Antibody testing key to learning virus’ impact |

Antibody testing key to learning virus’ impact

A National Guardsman directs traffic at Carson High School on Tuesday.
Carson City Health and Human Services

Community-based testing continues across Western Nevada as health officials prepare for the next step.

Nevada health officials are conducting around 5,000 nasal swab tests a day, but those tests only determine if someone has coronavirus, not how prevalent it has been during the outbreak.

On Tuesday, 400 residents of the four counties without coronavirus symptoms were tested at Carson High School.

As of Tuesday night, Douglas County had eight active cases and 30 recoveries. The county experienced a brief spike with a half-dozen cases reported June 3-5. The June 5 case was the last one in five days.

Last week, Director of the Nevada State Public Health Laboratory Mark Pandori said Nevada is on track to pass the national rate of 2 percent coronavirus testing a month. However, determining who has had the disease is still a project. Washoe County Health District has been doing random antibody testing.

Pandori said Thursday that antibody testing is critical to determining the real fatality rate of the coronavirus.

“The true value of testing is to look across large populations and determine the impact this has had,” he said. “It’s like having a time machine and looking back, ‘We got hit by something but how bad did it hit us?’”

He said data from antibody tests will improve health officials understanding of how many people actually were infected.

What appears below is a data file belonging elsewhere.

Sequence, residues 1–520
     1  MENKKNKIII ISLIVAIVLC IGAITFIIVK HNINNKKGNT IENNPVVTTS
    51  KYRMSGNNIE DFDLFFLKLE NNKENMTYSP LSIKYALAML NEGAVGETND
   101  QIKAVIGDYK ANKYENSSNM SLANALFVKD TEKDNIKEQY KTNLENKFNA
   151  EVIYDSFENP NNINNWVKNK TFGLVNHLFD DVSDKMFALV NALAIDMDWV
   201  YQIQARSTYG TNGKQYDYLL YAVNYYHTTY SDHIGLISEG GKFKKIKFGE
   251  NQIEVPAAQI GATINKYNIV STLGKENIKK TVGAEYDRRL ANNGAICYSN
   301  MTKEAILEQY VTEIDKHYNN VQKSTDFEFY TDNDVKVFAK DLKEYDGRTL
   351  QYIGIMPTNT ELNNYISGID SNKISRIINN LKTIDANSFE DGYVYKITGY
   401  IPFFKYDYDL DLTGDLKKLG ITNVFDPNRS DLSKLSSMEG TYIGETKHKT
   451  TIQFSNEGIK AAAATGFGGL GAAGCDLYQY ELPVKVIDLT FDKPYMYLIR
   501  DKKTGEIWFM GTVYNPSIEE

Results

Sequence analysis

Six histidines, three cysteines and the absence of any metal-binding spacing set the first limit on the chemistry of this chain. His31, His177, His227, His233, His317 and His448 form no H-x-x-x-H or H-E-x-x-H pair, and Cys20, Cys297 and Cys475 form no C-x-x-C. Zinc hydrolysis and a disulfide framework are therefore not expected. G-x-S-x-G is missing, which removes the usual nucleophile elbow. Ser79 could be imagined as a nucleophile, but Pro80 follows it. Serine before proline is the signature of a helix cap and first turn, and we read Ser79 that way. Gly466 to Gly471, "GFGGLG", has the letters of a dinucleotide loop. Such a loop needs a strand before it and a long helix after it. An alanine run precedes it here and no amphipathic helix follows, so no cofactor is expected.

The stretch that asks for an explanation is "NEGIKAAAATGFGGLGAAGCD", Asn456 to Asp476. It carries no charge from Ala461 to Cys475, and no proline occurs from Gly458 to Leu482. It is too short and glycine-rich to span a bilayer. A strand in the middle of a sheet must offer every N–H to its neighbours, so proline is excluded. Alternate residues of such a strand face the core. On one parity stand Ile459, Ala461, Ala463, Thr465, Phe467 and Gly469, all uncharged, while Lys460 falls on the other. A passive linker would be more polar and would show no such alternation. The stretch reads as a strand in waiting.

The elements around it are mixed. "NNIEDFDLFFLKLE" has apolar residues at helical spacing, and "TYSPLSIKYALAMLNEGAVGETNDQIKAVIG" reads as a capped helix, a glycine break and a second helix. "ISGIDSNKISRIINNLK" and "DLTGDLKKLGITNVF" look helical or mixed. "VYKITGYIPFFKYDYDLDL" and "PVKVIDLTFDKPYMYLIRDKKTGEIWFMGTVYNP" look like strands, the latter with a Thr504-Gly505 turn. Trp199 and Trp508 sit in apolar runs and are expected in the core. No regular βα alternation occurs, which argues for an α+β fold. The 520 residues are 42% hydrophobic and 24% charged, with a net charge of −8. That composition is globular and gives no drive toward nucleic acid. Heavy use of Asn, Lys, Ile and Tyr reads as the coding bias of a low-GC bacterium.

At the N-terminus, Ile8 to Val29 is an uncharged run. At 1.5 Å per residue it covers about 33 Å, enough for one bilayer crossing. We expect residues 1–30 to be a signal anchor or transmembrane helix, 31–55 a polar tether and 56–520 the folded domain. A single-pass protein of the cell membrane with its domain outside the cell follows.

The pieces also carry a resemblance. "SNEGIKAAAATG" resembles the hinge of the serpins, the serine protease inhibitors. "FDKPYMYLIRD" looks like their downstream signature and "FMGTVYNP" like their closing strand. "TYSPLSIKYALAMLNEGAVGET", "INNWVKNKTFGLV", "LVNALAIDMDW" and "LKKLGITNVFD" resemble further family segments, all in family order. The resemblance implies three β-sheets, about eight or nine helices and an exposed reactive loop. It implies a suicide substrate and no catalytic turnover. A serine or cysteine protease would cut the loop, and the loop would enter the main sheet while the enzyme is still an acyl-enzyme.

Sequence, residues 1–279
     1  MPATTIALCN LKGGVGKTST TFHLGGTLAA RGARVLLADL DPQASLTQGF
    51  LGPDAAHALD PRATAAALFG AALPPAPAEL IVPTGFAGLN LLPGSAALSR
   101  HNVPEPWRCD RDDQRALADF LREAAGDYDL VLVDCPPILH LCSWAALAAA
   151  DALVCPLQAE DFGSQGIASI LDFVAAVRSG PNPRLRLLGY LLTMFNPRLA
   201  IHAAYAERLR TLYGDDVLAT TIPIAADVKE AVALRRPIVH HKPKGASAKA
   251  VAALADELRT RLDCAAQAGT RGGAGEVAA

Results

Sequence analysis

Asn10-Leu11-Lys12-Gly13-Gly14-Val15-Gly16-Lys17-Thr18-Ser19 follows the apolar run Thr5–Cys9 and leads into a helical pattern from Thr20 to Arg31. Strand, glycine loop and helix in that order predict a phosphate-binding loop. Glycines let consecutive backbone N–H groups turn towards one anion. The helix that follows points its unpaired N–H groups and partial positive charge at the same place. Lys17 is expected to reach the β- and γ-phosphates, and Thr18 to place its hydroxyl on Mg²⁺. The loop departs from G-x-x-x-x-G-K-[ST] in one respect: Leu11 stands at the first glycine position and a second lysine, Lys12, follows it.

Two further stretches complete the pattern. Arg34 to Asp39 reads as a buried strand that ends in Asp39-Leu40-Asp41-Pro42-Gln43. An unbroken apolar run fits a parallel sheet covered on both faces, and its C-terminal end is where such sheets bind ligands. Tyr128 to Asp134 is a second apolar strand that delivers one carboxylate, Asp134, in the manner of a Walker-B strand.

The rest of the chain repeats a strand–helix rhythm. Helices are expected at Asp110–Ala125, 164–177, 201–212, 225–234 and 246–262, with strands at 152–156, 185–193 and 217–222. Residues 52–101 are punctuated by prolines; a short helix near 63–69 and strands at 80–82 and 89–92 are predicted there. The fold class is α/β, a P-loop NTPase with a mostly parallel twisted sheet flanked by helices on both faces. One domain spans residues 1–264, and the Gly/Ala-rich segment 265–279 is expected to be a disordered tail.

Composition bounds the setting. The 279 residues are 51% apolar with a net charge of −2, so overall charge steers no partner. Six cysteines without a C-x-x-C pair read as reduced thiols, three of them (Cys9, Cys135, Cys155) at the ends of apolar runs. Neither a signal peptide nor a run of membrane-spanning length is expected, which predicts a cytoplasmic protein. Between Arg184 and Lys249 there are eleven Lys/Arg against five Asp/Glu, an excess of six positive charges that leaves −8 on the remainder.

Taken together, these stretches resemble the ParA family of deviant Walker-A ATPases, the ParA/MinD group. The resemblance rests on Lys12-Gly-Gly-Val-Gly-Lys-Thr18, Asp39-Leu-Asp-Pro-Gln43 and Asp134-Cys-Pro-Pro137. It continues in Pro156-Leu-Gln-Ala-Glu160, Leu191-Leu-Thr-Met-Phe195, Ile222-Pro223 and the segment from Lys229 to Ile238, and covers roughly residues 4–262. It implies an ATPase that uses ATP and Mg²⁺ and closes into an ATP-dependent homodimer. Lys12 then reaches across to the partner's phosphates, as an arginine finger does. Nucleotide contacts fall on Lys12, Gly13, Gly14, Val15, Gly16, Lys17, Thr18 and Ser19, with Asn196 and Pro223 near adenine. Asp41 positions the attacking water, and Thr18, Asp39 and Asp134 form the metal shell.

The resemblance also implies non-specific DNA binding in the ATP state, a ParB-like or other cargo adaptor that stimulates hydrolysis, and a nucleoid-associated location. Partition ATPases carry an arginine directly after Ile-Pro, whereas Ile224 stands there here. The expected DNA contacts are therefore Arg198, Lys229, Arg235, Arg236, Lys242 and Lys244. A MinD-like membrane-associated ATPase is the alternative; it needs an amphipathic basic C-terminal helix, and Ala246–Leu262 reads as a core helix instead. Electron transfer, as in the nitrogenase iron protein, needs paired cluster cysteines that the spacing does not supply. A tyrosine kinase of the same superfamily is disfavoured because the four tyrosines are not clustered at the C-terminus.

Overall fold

“Then we can get an idea of what the real fatality rate is,” he said.

He said that while antibody testing is of interest to individuals, there’s not a lot they can do with the information.

“It might say you were infected, but it does not say when or where,” he said. “There is no amount of peer-reviewed data that says because you are antibody positive, that you are immune to the disease.”

He said that immunity from other types of coronavirus infections doesn’t last as long as that from other viruses.

Pandori said another issue with the antibody tests available online is that many haven’t proven to be accurate.

“There are hundreds out there on the market, but only 15 authorized by the FDA,” he said. “That means those manufacturers have generated enough data to ascertain the quality of those tests.”

For those who are experiencing symptoms of COVID-19 or have questions, call the Quad-County COVID-19 Hotline Monday through Saturday, 8 a.m. to 5 p.m. Spanish speakers are available. The phone number is (775) 283-4789.

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